APCO alumnus Howard Pulchin co-authored this piece.
The COVID-19 crisis has put a unique spotlight on food and food systems, revealing both strengths and weaknesses across sectors and practices. In some ways, it has placed consumers on a level playing field, but also exposed some deep inequalities. The pandemic and its aftermath have forced us to reconsider many aspects of our life and our society, not the least of which is the way we feed ourselves. As we try to recover, the most innovative food companies will jump at the chance to lead that conversation rather than suffer the consequence of a corporate misstep. So where should they start?
- The first and most important is to focus on their own employees, whose hard work in challenging conditions has gained new recognition and respect. While the relationship between food producers and their workers has historically been complex and often challenging, now is the time to reexamine those relationships and commit to a fresh start.
- Another point to consider is the way products are marketed. Do brands talk about their products as luxuries or as part of the fabric that holds us together? As many consumers confront empty shelves or unaffordable prices for the first time, they’ll be rethinking what constitutes necessities in a way that may last beyond the current crisis.
- A myriad of forces has driven up the cost of many staples, while countless households are struggling with financial insecurity. Food companies should be aggressive in explaining what’s going on and what they’re doing to mitigate price increases.
Food is fundamentally about much more than nutrition. It’s about culture, tradition and heritage. It brings together family and friends during times of celebration as well as grief. For some it has become a status symbol, but for others who struggle with food insecurity, it can be a source of anxiety rather than comfort.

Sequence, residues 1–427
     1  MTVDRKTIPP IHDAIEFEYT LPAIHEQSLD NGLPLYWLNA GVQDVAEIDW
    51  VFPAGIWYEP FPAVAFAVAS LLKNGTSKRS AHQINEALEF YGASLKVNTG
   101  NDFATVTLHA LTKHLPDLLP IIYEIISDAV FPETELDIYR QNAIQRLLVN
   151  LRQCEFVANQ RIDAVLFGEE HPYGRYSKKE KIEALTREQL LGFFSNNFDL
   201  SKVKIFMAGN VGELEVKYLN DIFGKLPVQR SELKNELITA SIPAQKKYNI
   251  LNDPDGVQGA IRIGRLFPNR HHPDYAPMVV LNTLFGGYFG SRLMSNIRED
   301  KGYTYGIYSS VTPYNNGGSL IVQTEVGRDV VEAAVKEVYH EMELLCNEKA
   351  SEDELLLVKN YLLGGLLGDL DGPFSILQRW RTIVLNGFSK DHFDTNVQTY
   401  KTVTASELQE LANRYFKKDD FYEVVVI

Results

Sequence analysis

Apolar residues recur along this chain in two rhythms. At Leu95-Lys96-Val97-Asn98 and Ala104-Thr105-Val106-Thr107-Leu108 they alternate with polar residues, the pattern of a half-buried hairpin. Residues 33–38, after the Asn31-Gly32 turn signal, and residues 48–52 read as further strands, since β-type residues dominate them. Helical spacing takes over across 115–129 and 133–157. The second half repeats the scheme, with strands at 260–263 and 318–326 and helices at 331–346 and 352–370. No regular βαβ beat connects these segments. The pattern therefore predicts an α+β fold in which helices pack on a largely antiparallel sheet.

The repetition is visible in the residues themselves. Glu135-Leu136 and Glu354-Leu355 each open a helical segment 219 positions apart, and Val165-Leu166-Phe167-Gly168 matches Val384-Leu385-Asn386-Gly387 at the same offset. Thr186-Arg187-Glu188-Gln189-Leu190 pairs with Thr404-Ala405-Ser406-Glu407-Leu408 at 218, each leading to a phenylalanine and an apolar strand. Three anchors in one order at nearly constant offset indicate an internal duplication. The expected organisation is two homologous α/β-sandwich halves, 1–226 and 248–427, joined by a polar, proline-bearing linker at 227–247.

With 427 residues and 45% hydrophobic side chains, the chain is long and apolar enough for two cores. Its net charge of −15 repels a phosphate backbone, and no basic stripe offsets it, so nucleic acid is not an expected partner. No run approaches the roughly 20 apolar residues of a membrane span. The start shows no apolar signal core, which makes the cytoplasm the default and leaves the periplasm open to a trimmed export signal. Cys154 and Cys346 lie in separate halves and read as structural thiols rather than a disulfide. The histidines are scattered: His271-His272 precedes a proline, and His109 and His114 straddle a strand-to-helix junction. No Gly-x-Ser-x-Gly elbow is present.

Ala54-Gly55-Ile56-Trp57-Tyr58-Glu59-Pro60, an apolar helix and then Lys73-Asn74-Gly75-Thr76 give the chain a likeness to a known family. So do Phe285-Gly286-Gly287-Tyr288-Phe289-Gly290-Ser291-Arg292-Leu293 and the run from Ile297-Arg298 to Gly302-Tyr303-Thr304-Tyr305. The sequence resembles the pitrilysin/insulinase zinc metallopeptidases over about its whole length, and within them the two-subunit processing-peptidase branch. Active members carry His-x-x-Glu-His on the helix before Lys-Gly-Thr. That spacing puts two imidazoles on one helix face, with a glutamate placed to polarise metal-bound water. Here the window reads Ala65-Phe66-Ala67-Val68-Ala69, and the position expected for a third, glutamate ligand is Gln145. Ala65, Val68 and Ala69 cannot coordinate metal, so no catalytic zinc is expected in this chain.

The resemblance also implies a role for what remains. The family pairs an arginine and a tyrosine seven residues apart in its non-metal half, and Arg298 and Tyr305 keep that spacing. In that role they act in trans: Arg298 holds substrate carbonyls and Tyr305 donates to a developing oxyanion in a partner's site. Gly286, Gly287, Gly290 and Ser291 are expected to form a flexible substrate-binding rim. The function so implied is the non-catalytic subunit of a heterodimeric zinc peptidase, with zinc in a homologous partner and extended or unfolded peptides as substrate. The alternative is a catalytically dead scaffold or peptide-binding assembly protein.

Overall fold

In some ways the COVID-19 crisis has reinforced those ideas. It has also forced many to confront scarcity for the first time. We’ve seen cracks in our food supply chain, a shortage of workers to harvest food and silos in retail and wholesale food distribution that have left farmers without customers, even while store shelves remain empty.
Food companies and suppliers—from farmers and processors to distributors and grocery stores—are also under new scrutiny. The way they treat their workers and keep them safe are under laser focus. And the way they manage their supply chains and whether they remain agile and flexible are distinguishing those who are forward-thinking and who will ultimately prevail.
The COVID-19 crisis has underscored the vital and irreplaceable role food companies play in our lives, yet these same companies often lag behind other industries, like tech, when it comes to recognition for innovation and admiration. As we all confront the reality of scarcity, the opportunity exists to tell new stories about the way the food industry has adapted and will continue to adapt as we adjust to a new world.
The food industry has the chance to rewrite the script for how to communicate about something so fundamental to all our lives. The companies that seize that chance—those that lead the conversation about the role of food in our lives and the importance of those who supply it—are the ones that will emerge from this period stronger and more able to deliver on their promise to consumers.